Wolcott was promoted to the rank of major general and was responsible for the defense of the Connecticut seacoast. Royal Governor William Tryon was plundering the seacoast in the summer of 1780 and Wolcott commanded a division of state militia that drove Tryon back. 

In May 1780 Wolcott was added to the Council of Safety, the Connecticut executive committee for prosecution of the war. 

Wolcott was re-elected to Congress in 1780, but his military service often interfered with his attendance, and he had to balance the two responsibilities.

Oliver left Congress in 1783 and returned to Litchfield, but his days of service were not yet over. In 1784 he helped negotiate the Second Treaty of Fort Stanwix, New York in which the Iroquois ceded their land in New York and Pennsylvania to the United States. 

Oliver Wolcott was elected Lieutenant Governor of Connecticut in 1786 and held that office for ten years. He was a member of the Connecticut convention that ratified the United States Constitution in 1787. In 1789 he helped negotiate with the Wyandotte Tribe to give up their land in the Western Reserve (present day Ohio).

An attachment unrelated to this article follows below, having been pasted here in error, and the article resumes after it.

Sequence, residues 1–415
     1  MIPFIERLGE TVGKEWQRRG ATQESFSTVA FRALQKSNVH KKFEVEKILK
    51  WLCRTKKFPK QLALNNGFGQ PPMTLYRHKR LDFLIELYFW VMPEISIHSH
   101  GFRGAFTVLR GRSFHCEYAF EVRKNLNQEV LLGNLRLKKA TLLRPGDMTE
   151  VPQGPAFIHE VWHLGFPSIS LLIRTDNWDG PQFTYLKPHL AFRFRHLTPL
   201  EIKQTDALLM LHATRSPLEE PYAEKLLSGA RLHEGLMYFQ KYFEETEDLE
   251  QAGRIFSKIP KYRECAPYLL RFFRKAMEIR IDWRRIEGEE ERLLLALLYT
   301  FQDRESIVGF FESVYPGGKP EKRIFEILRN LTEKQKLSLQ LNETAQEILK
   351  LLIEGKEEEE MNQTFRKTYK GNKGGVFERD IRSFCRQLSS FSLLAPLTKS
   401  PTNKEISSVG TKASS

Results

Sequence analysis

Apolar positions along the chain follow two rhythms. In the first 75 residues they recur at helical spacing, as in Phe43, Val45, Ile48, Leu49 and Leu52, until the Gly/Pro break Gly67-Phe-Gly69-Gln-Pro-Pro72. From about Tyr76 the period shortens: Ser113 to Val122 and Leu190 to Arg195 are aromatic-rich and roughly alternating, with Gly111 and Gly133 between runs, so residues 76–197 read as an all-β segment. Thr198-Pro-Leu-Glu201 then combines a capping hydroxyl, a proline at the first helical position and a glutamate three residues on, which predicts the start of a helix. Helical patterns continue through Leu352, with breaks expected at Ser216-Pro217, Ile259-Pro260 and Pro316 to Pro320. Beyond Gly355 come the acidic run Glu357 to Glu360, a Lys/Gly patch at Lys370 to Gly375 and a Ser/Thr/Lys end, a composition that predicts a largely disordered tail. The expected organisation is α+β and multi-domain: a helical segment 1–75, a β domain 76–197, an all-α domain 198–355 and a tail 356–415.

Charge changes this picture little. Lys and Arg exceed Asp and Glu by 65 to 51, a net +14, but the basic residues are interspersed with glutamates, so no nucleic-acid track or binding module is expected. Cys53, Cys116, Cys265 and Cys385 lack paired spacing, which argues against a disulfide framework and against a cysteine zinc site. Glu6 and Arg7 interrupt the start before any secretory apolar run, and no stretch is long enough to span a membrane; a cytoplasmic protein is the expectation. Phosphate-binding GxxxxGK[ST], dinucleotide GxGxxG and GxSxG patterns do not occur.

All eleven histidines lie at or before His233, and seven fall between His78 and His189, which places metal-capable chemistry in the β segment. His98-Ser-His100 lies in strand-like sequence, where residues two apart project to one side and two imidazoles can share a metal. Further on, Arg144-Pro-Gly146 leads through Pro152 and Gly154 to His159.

Laura Collins Wolcott died in Litchfield on 19 April 1794. Laura and Oliver had been married for nearly 40 years. They had a close relationship despite Oliver being gone much of the time serving as a member of congress and as an active military officer. Laura managed their home and business, and raised and educated their children during his absences. She is buried in the East Cemetery in Litchfield. 

Wolcott was a 1796 presidential elector. He cast his vote for John Adams who became the second president of the United States in 1797.  

The governor of Connecticut, Samuel Huntington, who was also a signer of the Declaration of Independence, died 5 January 1796, and Oliver Wolcott became Governor. His father had held this position 45 years earlier and a son, Oliver Wolcott, Jr, would be elected governor in 1817.